Republicans in the Wisconsin Assembly say they finished their work for the two-year legislative session on Feb. 18, but things aren’t going to quiet down at the state Capitol.
Senate Republicans plan to return for at least one more day in March. They’ll have to decide whether to take final votes on several bills that passed in the Assembly last week. Some other contentious measures that neither chamber has touched need action or they will die, too. Myranda Tanck, a spokeswoman for Senate Majority Leader Scott Fitzgerald, didn’t immediate respond to a message inquiring about Republicans’ plans.
Here’s a look at the most notable legislation the Senate faces as well as some of the bills in limbo:
IN THE SENATE
DRUNKEN DRIVING: The Assembly overwhelmingly passed a bill that would strip repeat drunken drivers of their licenses for at least a decade.
DEMENTIA CARE: The Assembly approved a 10-bill package designed to help people cope with Alzheimer’s disease and dementia. The package, developed by a task force Assembly Speaker Robin Vos created, would devote more money to dementia specialists, research at the University of Wisconsin-Madison and the state’s Alzheimer family and caregiver support program.
‘SANCTUARY CITIES’ BAN: The Assembly passed a bill that would prohibit municipalities from banning police from asking about someone’s immigration status if they’re charged with a crime. The bill and a companion proposal that prohibits local governments from issuing identification cards drew about 20,000 protesters, most of them Latino, to the Capitol on Feb. 18. Tanck told the Milwaukee Journal Sentinel that the bill was “not a high priority” for Senate Republicans, suggesting they are unlikely to take it up.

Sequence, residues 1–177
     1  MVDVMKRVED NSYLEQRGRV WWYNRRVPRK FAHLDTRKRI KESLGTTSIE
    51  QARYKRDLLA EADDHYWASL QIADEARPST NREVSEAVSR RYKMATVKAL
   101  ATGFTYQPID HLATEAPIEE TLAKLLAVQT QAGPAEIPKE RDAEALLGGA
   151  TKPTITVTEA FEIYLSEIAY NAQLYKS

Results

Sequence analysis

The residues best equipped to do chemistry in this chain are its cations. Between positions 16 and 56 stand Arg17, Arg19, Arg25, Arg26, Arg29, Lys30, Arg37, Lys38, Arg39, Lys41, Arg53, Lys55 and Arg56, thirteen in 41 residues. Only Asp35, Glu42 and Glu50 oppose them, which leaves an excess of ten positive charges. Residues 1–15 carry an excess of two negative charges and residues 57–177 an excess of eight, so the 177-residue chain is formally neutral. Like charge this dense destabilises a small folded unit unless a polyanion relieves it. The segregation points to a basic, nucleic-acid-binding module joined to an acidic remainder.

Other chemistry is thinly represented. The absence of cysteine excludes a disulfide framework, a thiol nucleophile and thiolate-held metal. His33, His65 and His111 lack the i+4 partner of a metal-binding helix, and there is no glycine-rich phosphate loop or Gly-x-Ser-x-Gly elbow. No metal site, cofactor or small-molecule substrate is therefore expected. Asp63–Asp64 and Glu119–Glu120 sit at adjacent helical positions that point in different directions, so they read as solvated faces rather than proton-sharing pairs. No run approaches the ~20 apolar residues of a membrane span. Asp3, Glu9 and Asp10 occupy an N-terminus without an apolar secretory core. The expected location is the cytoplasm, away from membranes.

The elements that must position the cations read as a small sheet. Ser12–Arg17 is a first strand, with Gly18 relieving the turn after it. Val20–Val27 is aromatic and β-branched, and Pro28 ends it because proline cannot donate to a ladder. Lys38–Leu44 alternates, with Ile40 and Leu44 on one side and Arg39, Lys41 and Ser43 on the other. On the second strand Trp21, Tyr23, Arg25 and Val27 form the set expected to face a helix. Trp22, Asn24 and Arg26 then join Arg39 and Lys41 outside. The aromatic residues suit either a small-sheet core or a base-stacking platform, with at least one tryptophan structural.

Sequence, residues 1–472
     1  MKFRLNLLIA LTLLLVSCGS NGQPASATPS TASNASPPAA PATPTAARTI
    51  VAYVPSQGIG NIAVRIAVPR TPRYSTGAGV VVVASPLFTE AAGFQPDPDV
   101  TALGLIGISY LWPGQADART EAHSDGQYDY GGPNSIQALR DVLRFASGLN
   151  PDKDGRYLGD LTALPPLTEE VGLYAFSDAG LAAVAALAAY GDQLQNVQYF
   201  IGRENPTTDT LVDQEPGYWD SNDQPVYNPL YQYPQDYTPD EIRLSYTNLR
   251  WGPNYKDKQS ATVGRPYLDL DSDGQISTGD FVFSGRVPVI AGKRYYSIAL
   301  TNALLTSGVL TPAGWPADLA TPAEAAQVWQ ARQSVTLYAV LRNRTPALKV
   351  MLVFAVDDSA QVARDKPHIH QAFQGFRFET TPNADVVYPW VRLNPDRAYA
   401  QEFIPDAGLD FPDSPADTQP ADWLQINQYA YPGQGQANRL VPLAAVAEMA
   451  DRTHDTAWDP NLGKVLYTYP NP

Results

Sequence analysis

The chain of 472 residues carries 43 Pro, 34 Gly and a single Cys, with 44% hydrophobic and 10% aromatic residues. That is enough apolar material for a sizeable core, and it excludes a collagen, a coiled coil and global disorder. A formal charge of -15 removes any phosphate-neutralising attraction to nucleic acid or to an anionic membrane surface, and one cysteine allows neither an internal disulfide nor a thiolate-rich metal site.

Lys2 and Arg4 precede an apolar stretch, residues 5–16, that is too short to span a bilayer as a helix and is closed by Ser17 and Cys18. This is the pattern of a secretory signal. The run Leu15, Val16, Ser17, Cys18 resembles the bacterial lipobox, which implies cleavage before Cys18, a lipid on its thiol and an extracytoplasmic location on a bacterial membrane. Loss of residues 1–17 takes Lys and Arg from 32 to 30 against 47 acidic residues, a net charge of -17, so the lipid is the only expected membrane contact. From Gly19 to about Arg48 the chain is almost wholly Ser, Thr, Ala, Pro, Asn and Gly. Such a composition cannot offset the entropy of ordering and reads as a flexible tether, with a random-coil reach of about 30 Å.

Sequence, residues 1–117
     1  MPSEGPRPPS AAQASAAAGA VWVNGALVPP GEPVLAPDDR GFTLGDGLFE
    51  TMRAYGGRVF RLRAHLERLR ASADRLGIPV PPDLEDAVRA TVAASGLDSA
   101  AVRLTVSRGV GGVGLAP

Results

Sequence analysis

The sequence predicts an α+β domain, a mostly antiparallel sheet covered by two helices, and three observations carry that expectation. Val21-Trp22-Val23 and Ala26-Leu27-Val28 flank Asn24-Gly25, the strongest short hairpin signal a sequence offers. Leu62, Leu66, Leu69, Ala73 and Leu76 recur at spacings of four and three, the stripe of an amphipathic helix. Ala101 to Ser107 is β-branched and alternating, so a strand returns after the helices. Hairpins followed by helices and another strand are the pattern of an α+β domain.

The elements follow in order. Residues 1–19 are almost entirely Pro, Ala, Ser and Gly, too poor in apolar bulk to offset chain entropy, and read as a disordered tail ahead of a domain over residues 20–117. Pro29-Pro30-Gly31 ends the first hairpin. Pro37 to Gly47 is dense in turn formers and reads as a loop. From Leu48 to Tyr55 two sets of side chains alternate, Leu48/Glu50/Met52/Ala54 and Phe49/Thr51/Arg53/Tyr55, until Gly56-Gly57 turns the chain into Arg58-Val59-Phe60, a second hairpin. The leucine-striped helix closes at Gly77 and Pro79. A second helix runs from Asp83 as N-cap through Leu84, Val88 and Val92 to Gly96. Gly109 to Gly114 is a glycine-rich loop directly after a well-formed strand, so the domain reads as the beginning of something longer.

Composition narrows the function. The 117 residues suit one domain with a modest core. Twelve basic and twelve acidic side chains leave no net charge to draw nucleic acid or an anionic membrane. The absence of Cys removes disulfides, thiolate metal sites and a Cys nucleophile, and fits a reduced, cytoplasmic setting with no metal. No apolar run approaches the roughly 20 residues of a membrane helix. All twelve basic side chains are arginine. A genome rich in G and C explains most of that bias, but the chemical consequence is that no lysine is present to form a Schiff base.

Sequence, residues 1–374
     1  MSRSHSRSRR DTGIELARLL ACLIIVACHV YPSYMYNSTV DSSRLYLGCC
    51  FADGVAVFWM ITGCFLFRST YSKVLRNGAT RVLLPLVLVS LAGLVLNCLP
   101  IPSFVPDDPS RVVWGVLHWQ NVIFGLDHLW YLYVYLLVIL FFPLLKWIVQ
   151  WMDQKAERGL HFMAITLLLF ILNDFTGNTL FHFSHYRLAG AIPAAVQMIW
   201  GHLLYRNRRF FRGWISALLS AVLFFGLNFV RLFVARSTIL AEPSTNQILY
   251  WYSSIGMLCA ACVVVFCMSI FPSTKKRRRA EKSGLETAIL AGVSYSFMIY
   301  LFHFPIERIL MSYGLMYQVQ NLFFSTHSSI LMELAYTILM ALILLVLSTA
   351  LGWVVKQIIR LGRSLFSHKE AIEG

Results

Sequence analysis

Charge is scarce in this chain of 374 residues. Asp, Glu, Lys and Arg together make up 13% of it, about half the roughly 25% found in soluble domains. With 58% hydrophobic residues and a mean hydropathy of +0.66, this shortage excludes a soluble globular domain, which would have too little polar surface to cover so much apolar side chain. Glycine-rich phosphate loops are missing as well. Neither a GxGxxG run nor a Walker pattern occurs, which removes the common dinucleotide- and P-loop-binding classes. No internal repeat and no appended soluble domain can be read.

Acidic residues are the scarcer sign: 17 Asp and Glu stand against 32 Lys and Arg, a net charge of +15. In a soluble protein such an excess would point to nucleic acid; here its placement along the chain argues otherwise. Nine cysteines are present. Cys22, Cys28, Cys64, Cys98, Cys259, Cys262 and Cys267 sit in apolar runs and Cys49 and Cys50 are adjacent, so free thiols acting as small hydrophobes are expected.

COLLEGE AFFORDABILITY: The Assembly passed a set of bills Republicans say are intended to help college students with debt. The proposals include plans to lift the cap on tax-deductible student loan interest, boost grants for technical college students and two-year students in the University of Wisconsin Colleges, create internship coordinators and require colleges to update students annually on their debt levels. Democrats say the bills are little more than GOP campaign talking points and won’t do much to contain student debt.
VOUCHER SCHOOL FUNDING: The Assembly approved legislation that would limit public school districts’ ability to recoup their losses when students leave for schools in the state’s voucher program. The program subsidizes private school tuition. The state pays for it by cutting aid to public schools that lose students to the program. Under language in the state budget, districts can recoup those losses and more by raising property taxes. The Assembly proposal would allow districts to raise taxes enough to recoup only actual losses.
FETAL TISSUE RESEARCH: Republicans have drafted a bill that would ban research using tissue from fetuses aborted after Jan. 1, 2015, and prohibit the commercial sale of such tissue. Researchers say the measure would chill work on life-saving cures and treatments. Neither house has voted on it. Sen. Alberta Darling, R-River Hills, has said such research should continue. Wisconsin Manufacturers and Commerce, the state’s largest business group and a big Republican supporter, also opposes the bill. If the Senate were to pass the measure the Assembly would have to return to concur. That seems unlikely. Vos told reporters the Assembly won’t come back to deal with any new issues.
TRANSGENDER BATHROOMS: Another GOP bill would require public school students to use bathrooms and locker rooms assigned to their physical gender at birth. The bill’s authors argue Wisconsin needs such a law to create a unified standard. Neither house has taken up the bill; Fitzgerald has said he thinks individual schools should deal with the issue as they see fit. Even if the Senate were to vote on the bill, the Assembly would have to return to concur.
GUNS ON SCHOOL GROUNDS: Several Republicans support a bill that would allow people with concealed carry permits to carry their guns on school grounds. Vos said in January the bill was going nowhere in his chamber, saying he hasn’t heard anyone clamoring for it, and neither house has voted on it.
CONCEALED CARRY IN UNIVERSITY BUILDINGS: Another GOP bill would let people carry concealed weapons in university classrooms, buildings and stadiums. That measure has gone nowhere in either house amid scathing opposition from UW System leaders.